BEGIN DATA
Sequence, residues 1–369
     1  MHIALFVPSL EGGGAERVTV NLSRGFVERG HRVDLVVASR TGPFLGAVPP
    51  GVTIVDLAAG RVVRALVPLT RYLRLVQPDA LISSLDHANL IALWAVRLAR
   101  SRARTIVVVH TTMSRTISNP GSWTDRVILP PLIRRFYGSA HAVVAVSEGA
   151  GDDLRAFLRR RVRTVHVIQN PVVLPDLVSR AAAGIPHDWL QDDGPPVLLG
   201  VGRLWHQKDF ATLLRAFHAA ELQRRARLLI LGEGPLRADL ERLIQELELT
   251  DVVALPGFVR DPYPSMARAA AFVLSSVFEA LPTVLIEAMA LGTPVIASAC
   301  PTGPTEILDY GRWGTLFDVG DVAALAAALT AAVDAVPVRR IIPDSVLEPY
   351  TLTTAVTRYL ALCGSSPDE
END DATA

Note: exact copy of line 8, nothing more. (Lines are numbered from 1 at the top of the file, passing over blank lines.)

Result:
   301  PTGPTEILDY GRWGTLFDVG DVAALAAALT AAVDAVPVRR IIPDSVLEPY